The kids have been begging you for a pool slide for several summers now. You want to be Superdad and make their summer, but if you’re going to get a pool slide installed, you need to do it right. What pool depth is required for a slide?
If your swimming pool slide is designed for small kids, the depth of the water should be at least two feet (61 cm). Larger slides will require a more substantial pool depth between three and four feet (91 and 120 cm). Pool slides that don’t slow the user down with twists or bends may need to be 10 or more feet (about 3m).
In this guide, we’ll tell you everything you need to know about pool slides and related swimming pool depths. We’ll even delve into whether pool slides are safe and what a slide costs, so make sure you keep reading!
3 Manufacturers’ Recommendations for Pool Depth for a Slide
Do you wish you could hear some recommendations on pool depth for a slide from the pros? There’s no need to call for a consultation yet. We did some digging and found pool depth recommendations from three swimming pool brands, Allied Aquatics, In the Swim, and River Pools and Spas.
Let’s see what they had to say.
The Frisco, Texas swimming pool service and repair company Allied Aquatics says that before getting a pool slide installed, the water should be 42 and 54 inches (107 and 137 cm).
You’ll also need plenty of space to the sides and the front of the slide’s exit. This will require you to get the slide installed nearer the center of the pool so it’s not too close to the pool walls. If the slide is near the shallow end, a kid who uses it can collide with the hard bottom of the pool or the walls.
This can lead to scrapes, bruises, and even broken bones, which will ruin your summertime fun in a jiffy!
In the Swim
Discount pool supplier In the Swim on their blog recommends a pool water depth of between 36 and 48 inches (91 and 122 cm) depending on the type of pool slide you choose.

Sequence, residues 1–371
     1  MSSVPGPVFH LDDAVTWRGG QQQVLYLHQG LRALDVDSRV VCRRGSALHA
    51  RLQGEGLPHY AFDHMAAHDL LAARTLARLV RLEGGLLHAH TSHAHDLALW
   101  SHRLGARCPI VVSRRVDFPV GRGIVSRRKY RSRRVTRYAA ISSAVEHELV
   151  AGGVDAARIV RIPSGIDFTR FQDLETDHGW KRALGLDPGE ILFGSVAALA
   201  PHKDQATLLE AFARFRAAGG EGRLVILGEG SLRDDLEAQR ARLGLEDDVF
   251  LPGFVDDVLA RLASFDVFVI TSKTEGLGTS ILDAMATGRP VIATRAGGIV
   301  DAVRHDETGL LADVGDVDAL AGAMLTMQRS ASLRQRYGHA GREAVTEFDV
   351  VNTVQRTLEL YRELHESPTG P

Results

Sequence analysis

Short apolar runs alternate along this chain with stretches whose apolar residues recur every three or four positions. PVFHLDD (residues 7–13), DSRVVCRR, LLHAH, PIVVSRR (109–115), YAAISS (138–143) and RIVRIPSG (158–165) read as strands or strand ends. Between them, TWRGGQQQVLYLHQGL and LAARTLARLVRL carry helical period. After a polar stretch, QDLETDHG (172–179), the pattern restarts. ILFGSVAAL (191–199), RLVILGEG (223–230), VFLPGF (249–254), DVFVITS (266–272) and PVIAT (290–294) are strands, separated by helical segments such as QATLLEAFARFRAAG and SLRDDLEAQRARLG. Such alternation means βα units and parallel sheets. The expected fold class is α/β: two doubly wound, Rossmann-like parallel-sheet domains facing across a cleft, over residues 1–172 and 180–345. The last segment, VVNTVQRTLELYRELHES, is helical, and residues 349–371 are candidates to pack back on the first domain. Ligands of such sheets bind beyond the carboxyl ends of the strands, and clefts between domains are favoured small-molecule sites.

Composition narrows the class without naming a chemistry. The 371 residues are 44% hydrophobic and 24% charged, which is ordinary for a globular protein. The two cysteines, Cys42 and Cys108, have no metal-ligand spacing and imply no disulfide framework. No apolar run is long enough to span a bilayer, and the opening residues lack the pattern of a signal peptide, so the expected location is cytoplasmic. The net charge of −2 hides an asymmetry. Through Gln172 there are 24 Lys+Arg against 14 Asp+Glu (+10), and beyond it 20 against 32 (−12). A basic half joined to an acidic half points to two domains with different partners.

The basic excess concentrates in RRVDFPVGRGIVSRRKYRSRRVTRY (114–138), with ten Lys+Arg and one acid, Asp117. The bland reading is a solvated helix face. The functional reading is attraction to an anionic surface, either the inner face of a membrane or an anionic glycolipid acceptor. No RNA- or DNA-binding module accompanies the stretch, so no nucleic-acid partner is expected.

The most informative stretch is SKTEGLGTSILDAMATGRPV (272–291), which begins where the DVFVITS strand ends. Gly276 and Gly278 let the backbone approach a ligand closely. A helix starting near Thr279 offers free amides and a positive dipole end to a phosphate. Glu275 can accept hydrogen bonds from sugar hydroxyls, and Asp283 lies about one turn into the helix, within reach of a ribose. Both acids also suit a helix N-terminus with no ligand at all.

It’s important to know that all pool slide manufacturers will have different requirements. There must be the right amount of space around the slide and the water shouldn’t be too deep or too shallow.
River Pools and Spas
Finally, there’s the advice of River Pools and Spas in Warsaw, Virginia. They go into a lot of detail on pool depth depending on the type of slide you choose.
For instance, if you have young kids and you opt for a small pool slide and the space between the water and the slide’s end is at least three inches (7.5 cm), then the pool water depth needs to be no more than two feet (61 cm).
A pool water depth of three feet is the minimum for larger slides with the people measuring 48” (122 cm) or more in height. Some experts call for a pool depth of three and a half feet (107 cm) and others even four feet (122 cm).
For slides that twist but have a level that brings the user to a slower stop, a water depth of three (91 cm) to four feet (122 cm) suffices. Slides that don’t cause any deceleration should be in waters as deep as 11.5 feet (351 cm), says River Pools.
Factors Affecting Pool Depth for a Slide
When it comes to the ideal depth of water needed for a pool slide there are several factors that come into play.
- Height of slide
- Design of slide
- Weight & height of the user
- Local laws
Height & Design Will Affect Pool Depth for a Slide
The first two factors, the height and design of the slide will largely determine a safe depth of the pool required. These two factors are related to each other.
A slide that is straight and high will mean the user will go faster and go deeper into the water. On the other hand, a slide that has bends or twists in it will slow the user down, which means they don’t exit the slide as fast. A slide like this can exit into shallower water.
The higher the slide, the faster the rider will go. The water envelope, the area in which the slide user lands, will need to be wider, longer and deeper. As an interesting side note, an Olympic diving pool is at least 16.5 feet (5m) in depth. Your pool won’t need to be that deep!
Most pool slide manufacturers will have recommendations for each model of slide they have. You should follow these in conjunction with any local laws and regulations.
How the Weight of the Rider Affects Pool Depth for a Slide
A small child will not sink as far and has less danger of hitting the bottom than an adult. However small children may be propelled further forward than an adult.
The water will need to be deep enough to accommodate the larger user though and therefore should be deeper.